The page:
Osteoporosis causes over 2 million skeletal fractures every year in people 50 years of age or older. Fractures predominantly happen at corticocancellous sites, such as the hip and spine. Due to lower accrual of bone mass during growth and rapid bone loss following menopause, 71% of these fractures occur in women. Mechanical loading, which stimulates bone formation, is a potential anabolic therapy for pathological bone loss. Determining the parameters of mechanical loading that stimulate osteogenesis in cancellous bone is critical for harnessing the therapeutic potential of mechanical stimuli. In this thesis, the effects of sex, aging, and estrogen deficiency on the adaptive response of cancellous bone were examined using in vivo tibial compression applied to mice.
The effect of sex on the cancellous adaptive response to tibial loading was investigated in growing mice. The magnitude of peak applied loads that corresponded to +1200 µε at the tibial mid-shaft was determined to be -11.5 N in both males and females from in vivo strain gauging. This peak load resulted in similar peak cancellous tissue strains of ~-2400 µε in females and ~-2100 µε. Following 2 weeks of tibial compression, male and female mice increased cancellous bone mass 73% in the proximal tibia, primarily through increased trabecular thickening (+75%). Tissue mineral density increased 18% and trabecular separation decreased 19% as well. As a result of adaptation, the proportion of the applied load carried by the cancellous compartment, rather than by the cortical shell, increased. In addition, the metaphyseal stiffness of the loaded limbs was greater than in control limbs. None of these loading-induced changes differed by sex.
Next, the effect of aging on the cancellous adaptive response was investigated in adult, osteopenic female mice, and this response was compared to that observed previously in growing mice. We applied the same peak compressive loads (-11.3 N) to one group of adult female mice (Load-Matched), which corresponded to +2200 µε mid-diaphyseal strains and peak cancellous tissue strains of -2257 µε. We applied the same peak mid-diaphyseal strains (+1200 µε) to a second group of adult female mice (Strain-Matched), engendered by -5.9 N peak applied load, which corresponded to peak cancellous tissue strains of -1112 µε. In the LM group, cancellous bone mass increased 49% through increased trabecular thickening (+64%), and cortical mass increased 41% through medullary contraction (-19%). These adaptive changes increased the metaphyseal stiffness of loaded limbs relative to control limbs (IMAX +88%, IMIN +54%). No adaptive response was observed in the SM group. The response in the cancellous compartment was reduced relative to that observed in growing mice. However, tibial loading recovered age-related loss to levels equivalent to control limbs of young animals, supporting the use of mechanical loading as a therapeutic intervention against osteoporotic fractures. In contrast, the response in the cortical compartment was enhanced relative to that in young mice. While both young and adult mice similarly increased IMAX and cortical area, adult mice underwent enhanced medullary contraction.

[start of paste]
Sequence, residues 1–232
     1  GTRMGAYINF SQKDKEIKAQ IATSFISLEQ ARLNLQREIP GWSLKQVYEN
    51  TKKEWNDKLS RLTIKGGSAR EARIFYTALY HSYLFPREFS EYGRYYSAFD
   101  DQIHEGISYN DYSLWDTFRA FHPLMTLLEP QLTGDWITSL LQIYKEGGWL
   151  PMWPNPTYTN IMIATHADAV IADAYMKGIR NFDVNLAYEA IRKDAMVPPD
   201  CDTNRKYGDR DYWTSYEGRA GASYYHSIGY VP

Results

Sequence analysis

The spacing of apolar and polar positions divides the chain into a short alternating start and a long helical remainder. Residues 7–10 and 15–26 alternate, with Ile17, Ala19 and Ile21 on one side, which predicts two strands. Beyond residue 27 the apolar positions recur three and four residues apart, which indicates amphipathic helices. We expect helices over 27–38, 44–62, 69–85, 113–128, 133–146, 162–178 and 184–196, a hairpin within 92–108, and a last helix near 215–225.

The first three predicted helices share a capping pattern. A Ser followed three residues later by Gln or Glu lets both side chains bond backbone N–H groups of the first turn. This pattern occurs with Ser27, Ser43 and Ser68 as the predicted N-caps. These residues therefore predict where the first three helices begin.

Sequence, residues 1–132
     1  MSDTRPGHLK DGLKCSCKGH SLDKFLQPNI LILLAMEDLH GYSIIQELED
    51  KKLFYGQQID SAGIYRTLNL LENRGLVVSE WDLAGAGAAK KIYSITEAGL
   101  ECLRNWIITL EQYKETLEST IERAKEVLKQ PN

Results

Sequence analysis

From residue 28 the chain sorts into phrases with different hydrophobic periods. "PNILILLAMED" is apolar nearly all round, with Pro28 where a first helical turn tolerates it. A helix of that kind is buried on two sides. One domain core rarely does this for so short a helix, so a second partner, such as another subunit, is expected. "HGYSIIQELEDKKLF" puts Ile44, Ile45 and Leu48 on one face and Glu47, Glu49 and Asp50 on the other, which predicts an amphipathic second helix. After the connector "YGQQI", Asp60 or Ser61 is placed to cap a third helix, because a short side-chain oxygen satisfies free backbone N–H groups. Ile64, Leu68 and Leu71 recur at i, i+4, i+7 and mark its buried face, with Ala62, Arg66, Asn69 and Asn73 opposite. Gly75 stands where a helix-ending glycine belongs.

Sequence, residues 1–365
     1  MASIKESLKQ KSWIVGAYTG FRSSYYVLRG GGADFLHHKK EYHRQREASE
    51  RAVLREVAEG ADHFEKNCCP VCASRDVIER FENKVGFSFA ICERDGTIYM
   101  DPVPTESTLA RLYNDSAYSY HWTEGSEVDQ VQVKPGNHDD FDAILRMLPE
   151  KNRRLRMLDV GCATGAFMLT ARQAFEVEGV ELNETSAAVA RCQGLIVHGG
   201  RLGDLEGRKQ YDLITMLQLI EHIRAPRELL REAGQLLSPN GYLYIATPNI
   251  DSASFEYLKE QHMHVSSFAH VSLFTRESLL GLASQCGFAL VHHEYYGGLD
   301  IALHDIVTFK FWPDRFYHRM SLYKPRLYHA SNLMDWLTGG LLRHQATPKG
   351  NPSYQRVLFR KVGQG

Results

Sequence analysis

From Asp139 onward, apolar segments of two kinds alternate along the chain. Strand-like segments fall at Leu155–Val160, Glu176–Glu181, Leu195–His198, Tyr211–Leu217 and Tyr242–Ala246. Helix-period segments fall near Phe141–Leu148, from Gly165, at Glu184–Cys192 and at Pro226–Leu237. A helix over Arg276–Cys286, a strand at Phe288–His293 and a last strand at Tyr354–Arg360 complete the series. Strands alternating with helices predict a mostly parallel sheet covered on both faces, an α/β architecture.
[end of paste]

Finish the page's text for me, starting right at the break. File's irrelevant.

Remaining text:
Finally, tibial compression was applied to osteopenic, estrogen-deficient adult female mice to demonstrate that mechanical loading can stimulate cancellous bone formation following estrogen withdrawal. Loading was applied immediately following ovariectomy (OVX) or sham (Sham) surgery and lasted 1, 2, and 6 weeks to characterize the adaptive response over time. Estrogen deficiency did not inhibit the adaptive response of cancellous bone in adult females. After 6 weeks of loading, cancellous bone mass increased similarly in Sham and OVX groups. Cancellous bone mass exhibited a bimodal change with loading due to the different effects of loading and estrogen deficiency, acting at different rates, on cancellous architecture. Loading primarily increased trabecular thickness while estrogen deficiency primarily increased separation. No differences in the control limbs between Sham and OVX groups were observed within the 6 week time period.
In summary, tibial compression elicited a robust anabolic response in cancellous bone, which increased mass in growing young male and female mice, and in osteopenic and estrogen deficient adult female mice. Cancellous mass occurred primarily through trabecular thickening and resulted in an overall stiffer tibia metaphysis. Tibial compression recovered age-related bone loss in osteopenic adult female mice to levels equivalent to the control limbs of young mice, even following estrogen withdrawal. These results demonstrate that mechanical loading can be targeted to corticocancellous sites to increase bone mass, improve structural integrity, and reduce risk for fracture. Additionally, these results demonstrate that mechanical loading can be implemented as a preventative measure, either in growing children, or pre- and peri-menopausal women, to increase peak bone mass and reduce risk of fracture.
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